Beach Road Weekend called a ‘success’

Festival didn’t make money, but promoter hopes it made fans.

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Updated August 13

Three days of sunshine. Three incidents of public drunkenness over three days. No injuries. Thousands of smiling faces.

Adam Epstein, CEO of Innovation Arts & Entertainment, is declaring success for Beach Road Weekend. Not financially, but in setting the groundwork of what he hopes will become an annual event. The three-day crowd was estimated at 15,000 people.

“We knew we were under a microscope; actually we were under a magnifying glass under the sun,” Epstein said Monday. If anything went wrong, it would be on Beach Road Weekend, and he knew it.

Tisbury Police Chief Mark Saloio said three people were taken into protective custody (PC) for public intoxication, one of them just near the concert venue. That was the extent of any issues during the festival, he said.

“In general, it went terrific,” Saloio said. “To have three PCs, that was just an incredibly safe weekend. The staff did a phenomenal job. It was great to hear compliments, but as good as the staff was, the people who attended the festival were good and decent people. That’s just as much a reason why it went so smoothly.”

Saloio said traffic was not any different than a typical summer weekend at Five Corners. “It really went well. I’m very pleased,” he said. “There was a good feeling in there. People enjoyed themselves. When everything was said and done, it was a safe event. That’s what I was looking for.”

To Epstein, the measure of success wasn’t in dollars. “Not even close,” Epstein said, taking a moment away from an interview to write a check for one of the vendors. “It’s like building a hotel or a restaurant. To think you’re going to open and make money in the first three days is ridiculous.”

The idea was to create an experience that got people talking, Epstein said. On social media, the narrative shifted from “what were you thinking” to “that was awesome.”

“My wife, Mandy, pointed out that people are talking about how much fun they had. They weren’t even talking about the bands,” Epstein said. “We couldn’t do it without the bands, of course, but that experience is what we wanted to deliver.”

It’s one thing to call it a success internally, but Epstein has to convince the board of selectmen it was a success in order to do it again. Melinda Loberg, chair of the board of selectmen, attended two days of the festival, and was happy with the event. Town leaders are going to do an internal review reaching out to neighbors and businesses to get their feedback, but the initial reports are positive, she said.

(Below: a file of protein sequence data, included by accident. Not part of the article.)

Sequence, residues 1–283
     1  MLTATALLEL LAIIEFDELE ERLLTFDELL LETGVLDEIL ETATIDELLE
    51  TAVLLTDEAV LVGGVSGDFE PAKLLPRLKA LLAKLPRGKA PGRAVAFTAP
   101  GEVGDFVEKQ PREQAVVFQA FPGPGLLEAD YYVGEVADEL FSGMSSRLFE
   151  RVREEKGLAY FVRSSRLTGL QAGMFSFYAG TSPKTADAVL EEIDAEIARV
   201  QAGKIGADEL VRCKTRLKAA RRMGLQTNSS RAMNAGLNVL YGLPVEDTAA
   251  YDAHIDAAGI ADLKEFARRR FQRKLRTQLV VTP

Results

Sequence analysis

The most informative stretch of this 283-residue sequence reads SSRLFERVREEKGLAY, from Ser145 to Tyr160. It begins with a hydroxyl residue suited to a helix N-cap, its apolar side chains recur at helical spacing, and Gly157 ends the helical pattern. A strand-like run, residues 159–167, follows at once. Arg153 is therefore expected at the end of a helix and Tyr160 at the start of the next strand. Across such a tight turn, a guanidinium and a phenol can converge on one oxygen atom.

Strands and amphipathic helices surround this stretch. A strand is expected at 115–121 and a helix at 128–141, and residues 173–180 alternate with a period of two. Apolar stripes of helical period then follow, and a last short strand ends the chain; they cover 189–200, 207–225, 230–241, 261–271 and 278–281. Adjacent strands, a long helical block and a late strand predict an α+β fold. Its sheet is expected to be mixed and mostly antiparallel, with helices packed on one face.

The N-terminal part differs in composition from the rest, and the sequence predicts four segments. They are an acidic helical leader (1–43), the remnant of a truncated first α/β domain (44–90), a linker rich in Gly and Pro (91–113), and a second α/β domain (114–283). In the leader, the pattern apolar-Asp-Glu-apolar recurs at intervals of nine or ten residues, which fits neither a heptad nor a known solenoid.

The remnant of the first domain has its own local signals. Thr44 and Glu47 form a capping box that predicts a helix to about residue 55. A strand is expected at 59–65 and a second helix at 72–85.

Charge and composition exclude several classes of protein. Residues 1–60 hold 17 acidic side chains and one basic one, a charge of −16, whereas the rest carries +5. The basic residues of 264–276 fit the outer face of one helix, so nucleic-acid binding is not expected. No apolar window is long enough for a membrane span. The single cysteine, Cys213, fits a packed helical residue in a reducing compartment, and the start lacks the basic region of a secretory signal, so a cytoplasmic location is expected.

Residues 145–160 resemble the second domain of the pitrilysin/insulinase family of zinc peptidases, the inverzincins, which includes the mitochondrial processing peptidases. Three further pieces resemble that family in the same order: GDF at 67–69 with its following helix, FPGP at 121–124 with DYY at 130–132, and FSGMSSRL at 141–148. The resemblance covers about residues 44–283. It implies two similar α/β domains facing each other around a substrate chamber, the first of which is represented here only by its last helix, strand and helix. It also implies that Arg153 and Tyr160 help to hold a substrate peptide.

“At the end of the night [Sunday], I spoke to both chiefs who were there watching things. They were extremely pleased with how smoothly it went, and how few problems there were and how streamlined the organization was for the festival,” Loberg said.

Loberg said she personally heard only one complaint, and it was about noise. “Depending on which way the wind was blowing, the volume went in certain directions,” she said.

The public reaction she witnessed at the event was all positive. “One thing that we feel is a good takeaway on the first blush and that is that we have the capacity to do this — our town, our staff. They can all handle this. They have professionalism. That was gratifying to know. It was all hands on deck. Every staff member. Everyone really chipped in.”

Seth Gambino, who ran an unsuccessful campaign for selectman in April in part on his opposition to the festival, hung up the phone when he was asked to comment on the event.

“It was an amazing event. The concert itself was put together with professionalism, not only by Adam Epstein and Innovation Arts & Entertainment, but the department heads for the town of Tisbury,” selectman Jeff Kristal, who ran against Gambino, said. “It exceeded my expectations. This is something that Vineyard Haven and Tisbury should be proud of. People enjoyed themselves immensely, and want to do it again.”

The initial reaction from the business community is positive, too. Sarah York, manager of CB Stark and head of the Vineyard Haven Business Association, said she’s spoken to several business owners who were thrilled with the residual foot traffic to their businesses. “The Green Room had an increase in business they directly attribute to to Beach Road. People came in saying they were here for the festival,” York said. “Waterside Market had one of their top five days ever.” 

York, who also lives in Vineyard Haven, said she traveled through Five Corners several times during the festival and found it to be no busier than usual. She went to all three days, and said it rivaled experiences she had off-Island. “I’m personally very pleased. Adam did a wonderful job delivering on the promises he made to the town,” she said. “It was safe, clean, and the traffic was not crazy … They managed traffic better than festivals I’ve been to off-Island.”

Marinko Vukota, who lives on State Road not far from the field, praised the event. “I feel like the majority of the comments I’ve seen on social media,” Vukota told The Times. “We walked in both Saturday and Sunday. I was very impressed with the venue and how well they seemed to be organized. The food was great and I felt everything was reasonably priced. Loved John Fogerty, and Grace Potter kicked Sunday.”